pulsar, mazak, mits, byvention. It seems like Laserman is recommending a mazak, I am going to consider while I doing the detailed comparison

I guess my next step is to really compare these machines based on their true cost of ownership.

It sounds like a refub is inevitable regardless of how good your PM program is huh?. so thats needs to be accounted for?

If you were to compare these 4 machines - what all would you guys compare from this point on.

### RE: Which machine is the corolla/ civic of 2D laser industry?

Well they all have their own benifits really. Honstly what it will come down to is your needs right now but ALSO your projected needs in the future.

I know with Mazak the hourly cost is inexpensive and you can add on with the automation down the road, which is always benificial.

You need to factor in the materials your processing now and materials you may process later on. I'd recommend you go with a larger pallet no matter what, as well as get an auto focus feature and fast peircing options. This adds to the overall cost but if, down the road you want to trade/sell the machine it is a benifit to have these features and theyy will also make your laser processing more efficient and profitable.

Irregardless, whatever machine you choose to purchase be sure to employ a proactive maintenance schedule. It will make a big difference in your lasers performance and the life span of the machine. I have seen the results of the opposite and the cost is massive for those who chose to ignore the maintenance schedules provided by the mfg.

Best of luck.

### RE: Which machine is the corolla/ civic of 2D laser industry?

Ifin,

You are in the right track in your purchase of a laser machine and yes it will boil down to cost of ownership in the long run and the maintenance schedule and consumables you will have to replace.

Amada has the best service between these three companies.  The Fanuc components they have in their machines (servo drives, control, laser)have been proven over time to be reliable and they are also using an RF Excited laser which the rest of the competition can only offer you a DC Excited resonator which eventually you will have to replace the glassware sooner.  I think the only drawback for the Fanuc resonator is that you have replace the Turbo blower before 12K hours if you want to get a core credit.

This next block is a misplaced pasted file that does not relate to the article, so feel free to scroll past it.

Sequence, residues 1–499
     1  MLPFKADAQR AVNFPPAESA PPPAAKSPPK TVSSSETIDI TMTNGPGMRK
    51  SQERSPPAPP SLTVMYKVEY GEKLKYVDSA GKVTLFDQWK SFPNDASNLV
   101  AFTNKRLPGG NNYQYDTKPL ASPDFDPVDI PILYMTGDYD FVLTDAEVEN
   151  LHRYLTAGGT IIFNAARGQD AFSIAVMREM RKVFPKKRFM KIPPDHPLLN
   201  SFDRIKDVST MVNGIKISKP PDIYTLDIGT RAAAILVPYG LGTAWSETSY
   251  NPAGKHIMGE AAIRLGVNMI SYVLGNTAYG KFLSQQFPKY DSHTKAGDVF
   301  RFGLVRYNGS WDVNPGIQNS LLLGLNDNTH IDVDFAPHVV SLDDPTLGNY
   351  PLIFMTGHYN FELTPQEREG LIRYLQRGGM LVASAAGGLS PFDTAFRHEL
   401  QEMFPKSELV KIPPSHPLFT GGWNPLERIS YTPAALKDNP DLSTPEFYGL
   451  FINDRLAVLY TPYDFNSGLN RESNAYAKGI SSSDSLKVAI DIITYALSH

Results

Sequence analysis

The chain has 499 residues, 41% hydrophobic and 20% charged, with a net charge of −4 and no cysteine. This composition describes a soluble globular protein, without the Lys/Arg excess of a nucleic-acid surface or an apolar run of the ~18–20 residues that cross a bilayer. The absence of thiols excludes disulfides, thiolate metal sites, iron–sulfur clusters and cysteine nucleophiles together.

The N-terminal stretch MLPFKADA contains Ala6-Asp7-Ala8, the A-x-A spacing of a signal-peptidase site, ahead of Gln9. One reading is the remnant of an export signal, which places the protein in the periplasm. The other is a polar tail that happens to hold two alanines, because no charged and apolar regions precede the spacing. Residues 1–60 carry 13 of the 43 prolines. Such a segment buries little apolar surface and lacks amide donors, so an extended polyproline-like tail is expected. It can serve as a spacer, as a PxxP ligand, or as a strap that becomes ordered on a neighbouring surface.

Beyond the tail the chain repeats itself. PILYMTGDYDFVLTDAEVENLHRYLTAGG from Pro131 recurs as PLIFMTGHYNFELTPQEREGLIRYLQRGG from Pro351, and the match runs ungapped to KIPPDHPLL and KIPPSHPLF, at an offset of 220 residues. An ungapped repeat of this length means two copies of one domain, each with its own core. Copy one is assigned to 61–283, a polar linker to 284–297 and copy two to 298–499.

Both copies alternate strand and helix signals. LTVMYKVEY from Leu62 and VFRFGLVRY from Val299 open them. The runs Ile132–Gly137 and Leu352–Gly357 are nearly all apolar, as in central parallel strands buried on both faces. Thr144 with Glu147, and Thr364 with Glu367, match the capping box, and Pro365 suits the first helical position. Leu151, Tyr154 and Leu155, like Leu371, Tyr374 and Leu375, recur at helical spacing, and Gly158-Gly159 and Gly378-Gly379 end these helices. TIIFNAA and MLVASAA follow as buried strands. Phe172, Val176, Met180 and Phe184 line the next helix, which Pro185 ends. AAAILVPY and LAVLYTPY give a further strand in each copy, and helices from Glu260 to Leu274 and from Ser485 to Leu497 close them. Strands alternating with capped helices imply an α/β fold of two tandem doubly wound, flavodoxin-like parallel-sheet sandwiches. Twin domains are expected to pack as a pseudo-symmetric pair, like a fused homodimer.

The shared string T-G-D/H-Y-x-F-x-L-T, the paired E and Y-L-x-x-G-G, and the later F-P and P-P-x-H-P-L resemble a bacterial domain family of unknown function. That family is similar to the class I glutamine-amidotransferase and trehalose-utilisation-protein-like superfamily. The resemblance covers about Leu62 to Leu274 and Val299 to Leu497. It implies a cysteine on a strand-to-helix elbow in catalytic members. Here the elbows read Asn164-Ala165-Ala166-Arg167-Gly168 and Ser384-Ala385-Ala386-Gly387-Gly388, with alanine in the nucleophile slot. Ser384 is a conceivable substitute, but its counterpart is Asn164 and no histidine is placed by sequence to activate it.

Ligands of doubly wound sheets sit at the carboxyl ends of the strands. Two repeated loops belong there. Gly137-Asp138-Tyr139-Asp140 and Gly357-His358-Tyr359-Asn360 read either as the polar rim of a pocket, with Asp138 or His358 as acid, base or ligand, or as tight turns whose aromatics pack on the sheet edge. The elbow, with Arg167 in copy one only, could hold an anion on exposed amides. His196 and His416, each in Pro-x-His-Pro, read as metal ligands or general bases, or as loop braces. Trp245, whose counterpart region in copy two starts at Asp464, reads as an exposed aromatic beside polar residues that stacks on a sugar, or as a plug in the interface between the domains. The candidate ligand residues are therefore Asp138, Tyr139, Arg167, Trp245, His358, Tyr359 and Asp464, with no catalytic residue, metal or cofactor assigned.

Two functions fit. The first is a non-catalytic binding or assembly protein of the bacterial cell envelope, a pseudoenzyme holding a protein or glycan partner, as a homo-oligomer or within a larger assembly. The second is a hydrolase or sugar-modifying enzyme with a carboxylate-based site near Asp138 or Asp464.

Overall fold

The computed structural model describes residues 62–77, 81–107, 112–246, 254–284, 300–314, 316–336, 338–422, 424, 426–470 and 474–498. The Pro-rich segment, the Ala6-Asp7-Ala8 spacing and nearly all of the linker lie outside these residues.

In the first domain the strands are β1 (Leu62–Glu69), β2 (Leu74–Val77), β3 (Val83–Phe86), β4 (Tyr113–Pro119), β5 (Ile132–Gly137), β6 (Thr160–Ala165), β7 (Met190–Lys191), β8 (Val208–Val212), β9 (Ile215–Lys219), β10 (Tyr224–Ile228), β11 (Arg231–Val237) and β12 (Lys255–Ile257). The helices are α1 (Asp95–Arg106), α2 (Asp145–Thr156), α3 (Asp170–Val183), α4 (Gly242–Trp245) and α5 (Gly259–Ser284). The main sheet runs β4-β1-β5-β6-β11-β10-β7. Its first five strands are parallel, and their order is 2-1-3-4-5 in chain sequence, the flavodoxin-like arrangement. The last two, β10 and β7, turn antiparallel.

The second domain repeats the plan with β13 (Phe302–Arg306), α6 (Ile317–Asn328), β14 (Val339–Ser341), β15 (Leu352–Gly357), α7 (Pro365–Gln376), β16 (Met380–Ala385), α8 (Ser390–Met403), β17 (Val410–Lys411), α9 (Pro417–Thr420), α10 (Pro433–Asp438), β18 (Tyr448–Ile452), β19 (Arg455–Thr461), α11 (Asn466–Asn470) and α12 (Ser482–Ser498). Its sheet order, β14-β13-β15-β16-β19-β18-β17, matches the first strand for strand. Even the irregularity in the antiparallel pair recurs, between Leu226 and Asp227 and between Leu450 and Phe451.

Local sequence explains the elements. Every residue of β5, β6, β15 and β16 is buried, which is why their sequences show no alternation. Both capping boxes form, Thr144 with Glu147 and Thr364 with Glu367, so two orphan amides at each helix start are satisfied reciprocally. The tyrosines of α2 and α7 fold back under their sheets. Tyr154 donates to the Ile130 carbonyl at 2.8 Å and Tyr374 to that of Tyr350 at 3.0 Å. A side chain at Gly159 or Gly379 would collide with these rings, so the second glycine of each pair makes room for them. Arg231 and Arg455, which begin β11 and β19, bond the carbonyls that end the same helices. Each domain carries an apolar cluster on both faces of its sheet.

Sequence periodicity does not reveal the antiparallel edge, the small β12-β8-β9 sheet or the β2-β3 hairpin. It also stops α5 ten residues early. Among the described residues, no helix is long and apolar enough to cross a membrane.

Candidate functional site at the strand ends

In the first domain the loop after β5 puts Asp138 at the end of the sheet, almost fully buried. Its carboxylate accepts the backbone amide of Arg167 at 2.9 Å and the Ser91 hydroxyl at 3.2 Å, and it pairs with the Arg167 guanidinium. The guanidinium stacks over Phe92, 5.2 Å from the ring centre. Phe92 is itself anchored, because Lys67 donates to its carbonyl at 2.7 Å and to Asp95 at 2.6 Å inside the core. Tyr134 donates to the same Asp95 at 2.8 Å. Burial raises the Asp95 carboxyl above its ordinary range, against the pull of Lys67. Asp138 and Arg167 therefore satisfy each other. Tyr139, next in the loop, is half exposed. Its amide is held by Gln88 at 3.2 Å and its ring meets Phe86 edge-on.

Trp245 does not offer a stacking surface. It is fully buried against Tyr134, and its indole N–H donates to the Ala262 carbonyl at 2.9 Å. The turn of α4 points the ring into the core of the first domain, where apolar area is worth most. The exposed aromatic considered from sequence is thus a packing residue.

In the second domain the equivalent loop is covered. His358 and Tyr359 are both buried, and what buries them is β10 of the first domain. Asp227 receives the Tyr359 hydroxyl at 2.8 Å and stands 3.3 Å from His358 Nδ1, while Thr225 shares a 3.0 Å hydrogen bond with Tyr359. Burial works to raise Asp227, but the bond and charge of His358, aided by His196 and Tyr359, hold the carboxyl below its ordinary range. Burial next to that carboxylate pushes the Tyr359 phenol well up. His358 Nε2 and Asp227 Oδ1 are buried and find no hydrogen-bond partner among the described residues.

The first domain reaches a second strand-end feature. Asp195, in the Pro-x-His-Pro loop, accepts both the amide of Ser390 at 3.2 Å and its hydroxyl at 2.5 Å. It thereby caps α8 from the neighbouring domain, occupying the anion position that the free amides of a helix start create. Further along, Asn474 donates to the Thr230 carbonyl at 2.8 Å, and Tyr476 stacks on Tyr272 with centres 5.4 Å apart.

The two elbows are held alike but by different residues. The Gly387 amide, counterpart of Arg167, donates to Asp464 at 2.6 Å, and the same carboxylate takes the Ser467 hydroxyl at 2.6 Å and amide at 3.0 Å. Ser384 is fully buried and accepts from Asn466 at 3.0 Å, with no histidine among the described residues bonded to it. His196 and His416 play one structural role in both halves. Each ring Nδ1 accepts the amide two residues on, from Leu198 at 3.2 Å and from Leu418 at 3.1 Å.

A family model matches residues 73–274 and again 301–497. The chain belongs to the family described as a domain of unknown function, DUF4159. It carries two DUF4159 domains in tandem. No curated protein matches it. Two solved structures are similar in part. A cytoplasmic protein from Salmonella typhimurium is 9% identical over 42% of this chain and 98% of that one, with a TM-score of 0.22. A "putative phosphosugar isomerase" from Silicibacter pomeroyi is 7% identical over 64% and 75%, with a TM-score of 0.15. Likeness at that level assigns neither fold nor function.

Laserman16 is right about getting some of the features he mentioned above as this will add to the resale value of the machine should you want to sell it in the future and replace it with another.  A couple of the OEMs have them standard already.  Do also look at a machine that has a PC Based control and not just a plain CNC as these are outdated and do think of automation in the future.

Try to get your money's worth as much as you can since you will have a lot of bargaining power.

Good Luck

### RE: Which machine is the corolla/ civic of 2D laser industry?

(OP)
Thank you for all your input- I'm going to do some research and will keep posted on my progress. Thanks again.

### RE: Which machine is the corolla/ civic of 2D laser industry?

The Mitsubishi is the only laser on the market that I'm aware of that doesn't require the resonator to be "refurbished" or replaced.  It also has the lowest cost of ownership.  They sell Hybrid's, flying optics and Certified Pre-owned lasers that come with a 6 months parts and labor warranty as well as installation, training and support.  I highly recommend you check them out at mcmcachinery.com.  These machines are extremely affordable and come in several different wattages, tables sizes and YES most of them have PC based controllers.

### RE: Which machine is the corolla/ civic of 2D laser industry?

(OP)
Thanks for your input - do you have any documentation that could help me as far looking at mits operating costs. does their used machines have PC based controls?.